The top threats to business continuity are not what you think

Many people think developing a disaster recovery plan is all about calamitous events such as fires and earthquakes, where physical property is damaged and people’s lives are at risk. But actually, from an IT and business perspective, a disaster is any unexpected event that disrupts business continuity with system downtime and lowered productivity levels. From this view, a disaster can be much more mundane, such as a power failure or human error.

Being able to predict potential problems before they happen is key to a strong disaster recovery plan. Implementing a predictive business continuity strategy enables businesses to not only avoid disasters but also prevent revenue loss and business downtime caused by everyday problems.

Here are a few of the most common business-threatening events:

1. Human error. Human errors often cause systems to become logically corrupt or unusable. An accident as simple as an employee tripping on a cord can bring down an entire storage system. Predicting the types of human errors that are most likely to occur and having protocols in place to resolve them quickly is key to avoiding lost productivity.

2. Malicious attack. While accidental human actions happen fairly often, intentional actions are also increasingly common. For example, disgruntled or former employees may attack and bring down IT systems. So can viruses. Cyberterrorism is an even more pressing concern. Nowadays most organizations are aware that disaster can stem from malicious acts and are implementing predictive business continuity strategies to avoid them. Making use of up-to-date data protection, backup and recovery solutions can keep systems running as usual and halt these attacks in their tracks.

3. Data corruption. A data corruption outage occurs when a corrupt hardware or software component causes corrupt data to be read or written to the database. Data corruption takes many forms. It can be widespread or it can be localized. The impact of a data corruption outage will vary accordingly.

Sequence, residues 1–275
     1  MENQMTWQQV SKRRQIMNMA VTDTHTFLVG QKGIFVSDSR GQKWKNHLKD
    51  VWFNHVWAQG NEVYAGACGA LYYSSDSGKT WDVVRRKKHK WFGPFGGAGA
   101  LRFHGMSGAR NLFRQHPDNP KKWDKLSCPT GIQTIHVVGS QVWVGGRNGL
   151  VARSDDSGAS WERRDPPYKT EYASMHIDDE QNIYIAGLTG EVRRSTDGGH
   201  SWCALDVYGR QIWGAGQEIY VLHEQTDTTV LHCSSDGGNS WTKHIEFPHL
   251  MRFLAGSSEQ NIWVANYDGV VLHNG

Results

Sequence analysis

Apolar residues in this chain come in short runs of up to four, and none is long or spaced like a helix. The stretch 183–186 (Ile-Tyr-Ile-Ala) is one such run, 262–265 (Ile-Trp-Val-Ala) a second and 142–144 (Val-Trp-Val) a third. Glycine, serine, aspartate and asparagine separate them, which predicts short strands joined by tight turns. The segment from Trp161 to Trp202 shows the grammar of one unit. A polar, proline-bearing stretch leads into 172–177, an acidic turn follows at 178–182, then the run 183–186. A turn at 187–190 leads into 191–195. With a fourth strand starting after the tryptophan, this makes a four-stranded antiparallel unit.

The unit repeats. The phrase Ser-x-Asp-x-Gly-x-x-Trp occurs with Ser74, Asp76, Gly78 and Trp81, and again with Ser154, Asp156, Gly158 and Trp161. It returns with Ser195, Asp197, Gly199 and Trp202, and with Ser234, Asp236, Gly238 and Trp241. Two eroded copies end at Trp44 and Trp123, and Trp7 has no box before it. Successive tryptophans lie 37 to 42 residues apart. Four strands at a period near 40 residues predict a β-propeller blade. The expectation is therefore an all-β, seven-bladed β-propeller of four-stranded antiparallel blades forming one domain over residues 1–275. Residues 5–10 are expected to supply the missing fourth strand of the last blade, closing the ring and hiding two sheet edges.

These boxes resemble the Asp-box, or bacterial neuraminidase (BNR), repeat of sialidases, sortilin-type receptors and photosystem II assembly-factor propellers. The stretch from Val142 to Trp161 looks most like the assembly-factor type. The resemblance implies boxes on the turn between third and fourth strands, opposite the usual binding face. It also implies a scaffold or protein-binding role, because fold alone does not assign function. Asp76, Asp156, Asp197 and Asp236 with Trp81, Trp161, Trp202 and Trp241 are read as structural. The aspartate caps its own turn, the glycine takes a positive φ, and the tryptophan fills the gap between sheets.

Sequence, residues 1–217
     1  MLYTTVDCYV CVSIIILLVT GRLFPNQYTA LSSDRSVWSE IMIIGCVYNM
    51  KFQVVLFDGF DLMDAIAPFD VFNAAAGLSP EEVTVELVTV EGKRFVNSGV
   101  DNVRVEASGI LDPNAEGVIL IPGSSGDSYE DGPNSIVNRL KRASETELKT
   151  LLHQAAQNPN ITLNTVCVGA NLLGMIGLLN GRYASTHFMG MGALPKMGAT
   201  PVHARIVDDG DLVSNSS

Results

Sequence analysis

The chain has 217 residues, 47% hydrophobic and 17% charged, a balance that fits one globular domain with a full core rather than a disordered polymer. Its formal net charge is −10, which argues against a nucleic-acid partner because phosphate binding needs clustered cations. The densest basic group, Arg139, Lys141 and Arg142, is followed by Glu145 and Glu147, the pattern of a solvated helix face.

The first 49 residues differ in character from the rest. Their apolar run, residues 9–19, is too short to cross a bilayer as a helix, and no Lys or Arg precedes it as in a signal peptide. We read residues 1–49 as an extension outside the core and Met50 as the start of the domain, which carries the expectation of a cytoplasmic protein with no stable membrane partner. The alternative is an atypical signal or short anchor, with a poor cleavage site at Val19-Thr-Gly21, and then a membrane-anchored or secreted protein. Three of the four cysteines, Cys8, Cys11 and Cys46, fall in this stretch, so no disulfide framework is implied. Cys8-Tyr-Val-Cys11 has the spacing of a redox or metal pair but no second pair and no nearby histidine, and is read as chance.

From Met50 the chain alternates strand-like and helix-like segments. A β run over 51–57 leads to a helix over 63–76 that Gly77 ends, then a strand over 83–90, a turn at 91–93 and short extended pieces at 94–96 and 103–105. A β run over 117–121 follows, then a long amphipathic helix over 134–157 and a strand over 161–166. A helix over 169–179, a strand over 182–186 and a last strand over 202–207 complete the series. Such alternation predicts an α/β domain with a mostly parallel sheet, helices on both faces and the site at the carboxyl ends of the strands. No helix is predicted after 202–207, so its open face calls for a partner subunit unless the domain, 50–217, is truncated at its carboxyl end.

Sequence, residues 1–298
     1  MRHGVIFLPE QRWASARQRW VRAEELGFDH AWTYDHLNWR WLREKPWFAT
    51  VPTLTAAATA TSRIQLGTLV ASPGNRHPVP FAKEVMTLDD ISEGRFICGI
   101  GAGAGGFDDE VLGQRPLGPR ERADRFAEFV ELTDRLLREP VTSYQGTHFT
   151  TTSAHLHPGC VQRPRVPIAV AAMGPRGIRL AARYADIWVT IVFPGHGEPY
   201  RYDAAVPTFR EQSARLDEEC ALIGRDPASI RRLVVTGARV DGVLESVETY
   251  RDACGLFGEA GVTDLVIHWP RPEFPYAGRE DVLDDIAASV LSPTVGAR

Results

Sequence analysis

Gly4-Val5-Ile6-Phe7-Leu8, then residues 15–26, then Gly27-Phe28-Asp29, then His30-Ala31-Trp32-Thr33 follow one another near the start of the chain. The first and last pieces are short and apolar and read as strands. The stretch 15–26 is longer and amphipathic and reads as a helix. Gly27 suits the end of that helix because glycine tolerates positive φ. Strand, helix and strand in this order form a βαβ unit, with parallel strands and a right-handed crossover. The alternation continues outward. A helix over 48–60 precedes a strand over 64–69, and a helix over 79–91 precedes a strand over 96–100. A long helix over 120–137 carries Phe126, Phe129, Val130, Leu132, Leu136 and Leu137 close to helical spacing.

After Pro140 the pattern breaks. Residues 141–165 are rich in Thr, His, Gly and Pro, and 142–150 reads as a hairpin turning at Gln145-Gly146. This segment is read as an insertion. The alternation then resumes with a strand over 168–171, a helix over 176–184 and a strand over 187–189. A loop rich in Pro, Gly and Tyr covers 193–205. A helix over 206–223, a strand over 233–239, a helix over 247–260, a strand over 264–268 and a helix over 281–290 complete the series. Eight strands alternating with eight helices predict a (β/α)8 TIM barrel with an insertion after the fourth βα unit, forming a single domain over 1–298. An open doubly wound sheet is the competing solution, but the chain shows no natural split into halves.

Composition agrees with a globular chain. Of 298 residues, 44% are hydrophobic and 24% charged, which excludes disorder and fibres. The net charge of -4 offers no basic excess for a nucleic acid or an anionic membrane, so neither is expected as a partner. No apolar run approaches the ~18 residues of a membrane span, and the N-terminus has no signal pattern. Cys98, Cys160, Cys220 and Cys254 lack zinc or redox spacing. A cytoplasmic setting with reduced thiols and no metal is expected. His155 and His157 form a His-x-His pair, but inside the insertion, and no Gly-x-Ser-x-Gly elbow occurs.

Corruption in a single database block might affect few users, but corruption in a large portion of a database would make it essentially unusable. Most IT professionals have seen some form of data corruption in their careers, although organizations understandably tend not to publicize these problems. Such data corruption can be caused by hardware failures or human error. Proactively instating a solid data backup and recovery plan can turn data corruption on its heels.

4. Storage failure. A storage failure outage occurs when the storage holding some or all of the database contents becomes unavailable because it has shut down or is no longer accessible. Many companies have had complete storage failures — often caused unintentionally by pesky humans. For example, at one organization, someone stacked a set of disk drives against a wall, inadvertently turning off a switch and causing system failures — an issue that was difficult to track down.

Another company that relied heavily on its storage area network (SAN) made the seemingly simple choice to lay carpet in its data center to reduce noise. When an authorized employee walked in to check the SAN and touched its racking bay, the static electricity discharge shorted the controller unit and the entire SAN went down. Without knowing that the cause of the problem was the electrostatic charge built up by walking on the carpet, the company put in a new controller. After it was up and running, someone else touched the rack again, and the new controller was also fried.

Predictive business continuity solutions focus on infrastructure optimization and data protection so that when a major component in the IT system fails, critical applications and data are not impacted and users can stay productive while the IT team works to understand why the system failed and correct the issue.

5. Power or network failure. Power failures may seem mundane, yet they can have a crippling effect on business. In fact, they are just about the most common cause of system downtime. Any business-centric disaster recovery plan should include a redundant local area network (LAN) network infrastructure as well as steps for how to restore the LAN. Network failures are also a very common cause of unplanned downtime. The loss of a single network switch could quickly turn into a major, time-consuming outage for an organization.

6. Natural disaster. Okay, while they aren’t the most common types of disasters that will threaten business continuity, hurricanes and earthquakes do happen. IT organizations still need to be proactive and build a sound recovery strategy to minimize their impact and maintain business continuity.

Want to learn more about using predictive business continuity strategies to build a business-oriented disaster recovery plan? Check out this ebook outlining nine steps to take.

Get the E-Book

Related Content